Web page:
James T. Salmon is a pioneer resident and a prominent agriculturist of San Joaquin county, his postoffice being at French Camp. He has been profitably engaged in the ranching and stock-raising industries for a continuous period of forty years, and has been at one location for over twenty years, so that his success seems substantial and well fixed in the county of his adoption. Many other interests have likewise taken his time and attention, and he is spoken of throughout the county as a public=spirited, genial and upright man, whose industry and business sagacity throughout life have brought him from a humble commencement at the threshold of an active career to a position of affluence in material circumstances and honor and personal esteem when at the closing period of life.

He was born in Grant county, Wisonsin, December 8, 1833, being one of the ten childten of Cutler and Jane (Reynolds) Salmon. His father was a native of Ohio and his mother of Illinois, and they were early settlers of Grant county, Wisconsin. In 1853 the entire family, consisting of parents and the ten children, the son James then being in his twentieth year, placed what they could on an emigrant wagon and joined one of the customary trains such as fifty years ago could be seen wending its toilsome and danger-beset way across the great western plains toward the setting sun and the golden Eldorado on the Pacific coast. It wa six months before they arrived at Dutch Point, in San Joaquin county, and they were among the earliest settlers of this portion of the state. Cutler Salmon passed away in this vicinity some years ago, being eighty-four years of age, one of the venerable and true pioneer stock. Of the ten children but two now survive, one being James T. and the other Elizabeth, the wife of John Shedd, residing near Borden, California.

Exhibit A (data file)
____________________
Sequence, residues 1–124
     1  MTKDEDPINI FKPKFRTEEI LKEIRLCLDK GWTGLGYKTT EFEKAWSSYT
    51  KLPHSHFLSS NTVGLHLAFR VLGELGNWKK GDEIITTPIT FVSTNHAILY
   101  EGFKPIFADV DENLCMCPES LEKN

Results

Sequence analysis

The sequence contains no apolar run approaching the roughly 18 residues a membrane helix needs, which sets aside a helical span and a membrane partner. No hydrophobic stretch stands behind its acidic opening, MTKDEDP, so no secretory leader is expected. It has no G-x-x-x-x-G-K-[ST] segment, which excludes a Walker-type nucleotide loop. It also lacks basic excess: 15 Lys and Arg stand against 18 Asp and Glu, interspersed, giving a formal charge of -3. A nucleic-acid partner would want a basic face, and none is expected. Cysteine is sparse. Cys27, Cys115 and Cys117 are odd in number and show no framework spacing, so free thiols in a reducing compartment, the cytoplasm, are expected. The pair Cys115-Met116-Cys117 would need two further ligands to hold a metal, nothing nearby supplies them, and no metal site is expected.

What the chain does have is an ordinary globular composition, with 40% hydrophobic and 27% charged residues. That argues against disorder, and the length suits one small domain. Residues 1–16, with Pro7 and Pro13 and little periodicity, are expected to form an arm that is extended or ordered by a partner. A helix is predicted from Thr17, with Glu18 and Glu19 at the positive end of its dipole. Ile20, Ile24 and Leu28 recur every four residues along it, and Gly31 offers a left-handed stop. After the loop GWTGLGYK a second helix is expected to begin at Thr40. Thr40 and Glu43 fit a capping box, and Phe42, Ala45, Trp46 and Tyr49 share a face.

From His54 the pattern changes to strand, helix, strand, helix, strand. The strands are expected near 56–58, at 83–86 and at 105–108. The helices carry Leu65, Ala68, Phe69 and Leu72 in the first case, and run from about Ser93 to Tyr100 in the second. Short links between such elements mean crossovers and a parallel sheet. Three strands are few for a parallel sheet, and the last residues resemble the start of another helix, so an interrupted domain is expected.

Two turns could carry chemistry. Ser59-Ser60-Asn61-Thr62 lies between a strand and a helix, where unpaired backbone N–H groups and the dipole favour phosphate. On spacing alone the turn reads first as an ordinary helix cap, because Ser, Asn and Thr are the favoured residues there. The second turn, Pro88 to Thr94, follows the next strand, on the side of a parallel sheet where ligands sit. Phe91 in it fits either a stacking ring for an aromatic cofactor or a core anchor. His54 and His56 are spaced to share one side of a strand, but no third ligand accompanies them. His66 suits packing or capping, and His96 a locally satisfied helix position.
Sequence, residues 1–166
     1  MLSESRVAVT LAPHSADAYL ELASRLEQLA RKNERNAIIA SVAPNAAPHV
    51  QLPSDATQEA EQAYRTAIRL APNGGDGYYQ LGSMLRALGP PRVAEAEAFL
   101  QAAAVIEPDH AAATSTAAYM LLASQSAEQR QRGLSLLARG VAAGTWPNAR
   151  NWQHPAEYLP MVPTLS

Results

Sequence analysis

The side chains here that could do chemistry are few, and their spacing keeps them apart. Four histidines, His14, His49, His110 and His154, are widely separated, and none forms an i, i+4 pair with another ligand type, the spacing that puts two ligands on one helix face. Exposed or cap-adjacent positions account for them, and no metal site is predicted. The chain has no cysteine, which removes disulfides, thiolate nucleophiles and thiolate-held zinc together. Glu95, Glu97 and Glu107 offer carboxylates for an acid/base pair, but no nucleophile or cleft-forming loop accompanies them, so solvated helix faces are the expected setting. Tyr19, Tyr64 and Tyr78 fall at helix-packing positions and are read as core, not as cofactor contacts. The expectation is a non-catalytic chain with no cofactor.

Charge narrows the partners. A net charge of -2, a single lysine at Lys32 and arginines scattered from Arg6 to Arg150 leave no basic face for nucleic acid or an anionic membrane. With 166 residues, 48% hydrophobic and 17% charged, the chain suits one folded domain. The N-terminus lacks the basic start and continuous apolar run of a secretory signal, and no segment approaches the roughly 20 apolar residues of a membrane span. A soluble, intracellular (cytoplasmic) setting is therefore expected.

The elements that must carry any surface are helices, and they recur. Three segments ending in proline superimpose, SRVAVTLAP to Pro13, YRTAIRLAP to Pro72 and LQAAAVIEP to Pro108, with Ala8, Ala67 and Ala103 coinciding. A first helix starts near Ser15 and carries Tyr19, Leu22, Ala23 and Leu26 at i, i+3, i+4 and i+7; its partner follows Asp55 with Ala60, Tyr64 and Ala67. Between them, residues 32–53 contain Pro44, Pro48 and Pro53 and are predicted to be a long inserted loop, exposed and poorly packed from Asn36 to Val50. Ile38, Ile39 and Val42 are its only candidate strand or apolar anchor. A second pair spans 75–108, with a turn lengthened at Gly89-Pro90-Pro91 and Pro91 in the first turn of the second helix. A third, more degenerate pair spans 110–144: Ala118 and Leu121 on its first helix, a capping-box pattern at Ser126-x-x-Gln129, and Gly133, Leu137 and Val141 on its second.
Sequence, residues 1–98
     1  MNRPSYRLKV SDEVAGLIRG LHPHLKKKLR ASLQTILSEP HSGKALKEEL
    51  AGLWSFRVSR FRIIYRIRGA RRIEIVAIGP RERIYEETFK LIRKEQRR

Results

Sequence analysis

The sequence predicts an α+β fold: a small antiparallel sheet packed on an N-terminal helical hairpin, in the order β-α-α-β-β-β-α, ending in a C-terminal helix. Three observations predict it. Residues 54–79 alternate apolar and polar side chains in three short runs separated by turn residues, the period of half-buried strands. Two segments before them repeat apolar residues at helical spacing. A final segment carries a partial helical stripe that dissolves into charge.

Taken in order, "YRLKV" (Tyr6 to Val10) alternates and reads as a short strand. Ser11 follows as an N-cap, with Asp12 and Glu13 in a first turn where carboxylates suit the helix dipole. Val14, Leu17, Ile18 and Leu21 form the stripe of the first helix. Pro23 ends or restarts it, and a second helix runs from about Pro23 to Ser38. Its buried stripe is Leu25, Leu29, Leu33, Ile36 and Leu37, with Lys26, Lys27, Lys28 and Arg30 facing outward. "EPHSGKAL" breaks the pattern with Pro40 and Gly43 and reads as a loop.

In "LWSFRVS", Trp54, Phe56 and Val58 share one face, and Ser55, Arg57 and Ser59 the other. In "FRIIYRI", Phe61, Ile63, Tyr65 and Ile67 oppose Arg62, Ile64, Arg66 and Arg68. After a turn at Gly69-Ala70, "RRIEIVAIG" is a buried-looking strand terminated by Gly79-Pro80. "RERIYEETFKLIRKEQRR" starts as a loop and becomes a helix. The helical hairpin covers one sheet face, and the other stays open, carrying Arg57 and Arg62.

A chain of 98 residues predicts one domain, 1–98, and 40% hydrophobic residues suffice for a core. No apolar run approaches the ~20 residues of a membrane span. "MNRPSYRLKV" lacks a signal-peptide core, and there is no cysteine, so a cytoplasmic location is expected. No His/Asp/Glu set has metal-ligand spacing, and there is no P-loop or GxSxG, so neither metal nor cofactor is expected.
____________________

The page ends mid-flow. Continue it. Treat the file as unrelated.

James T. Salmon was reared in his native county of Grant, Wisconsin, and what scholastic training he enjoyed was also received in the rather primitive schools of that state. Practical experience has been his best instructor, and from life and the world's great school he has come forth a man of broad general information and genuine worth and power. For a short time after his arrival in California he was engaged in placer mining, and subsequently, for over ten years, followed frieghting and teaming, mainly between Sonora and Mariposa. It was in the year 1864 that he entered upon the agricultural enterprises which have since been the main objects of his attention, and in stock-raising and general ranching he has found a very profitable line of business. He located on his present ranch in 1883, and during all the forty years of his connection with this industry he has been in San Joaquin county. He owns fourteen hundred and fifty acres of land in this county. While for so many years he has been extensively engaged in agriculture, he has also been and still in interested in gold and other mining operations. He is a very successful man, and the results of his past energy and diligence have placed him among the leading men of affairs in this part of the state of California. He heartily favors and is willing to aid in any enterprise whose end is the general welfare, and he has often co-operated in such matters. He is a Republican in politics.

Mr. Salmon married, October 2, 1857, Miss Nancy J. Sperry, who was born in Illinois. There were eight children of this marriage, and five are in the family circle at the present writing, namely: William C., in Merced county, California; Charles L., in San Joaquin county; James V., in San Joaquin county; Bourdette, of Dutch Point; and Frederic, at home.

Source: History of the New California Its Resources and People, Volume II

The Lewis Publishing Company - 1905
Edited by Leigh H. Irvine

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